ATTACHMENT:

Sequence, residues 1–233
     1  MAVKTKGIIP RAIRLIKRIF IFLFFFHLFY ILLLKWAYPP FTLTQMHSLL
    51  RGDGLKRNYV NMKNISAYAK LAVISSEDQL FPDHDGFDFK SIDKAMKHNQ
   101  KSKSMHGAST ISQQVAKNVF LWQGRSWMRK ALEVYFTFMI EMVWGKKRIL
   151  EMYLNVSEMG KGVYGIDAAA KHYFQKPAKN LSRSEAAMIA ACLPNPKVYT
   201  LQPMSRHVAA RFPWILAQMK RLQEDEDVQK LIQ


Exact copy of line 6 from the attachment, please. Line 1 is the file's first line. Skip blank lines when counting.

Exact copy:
   201  LQPMSRHVAA RFPWILAQMK RLQEDEDVQK LIQ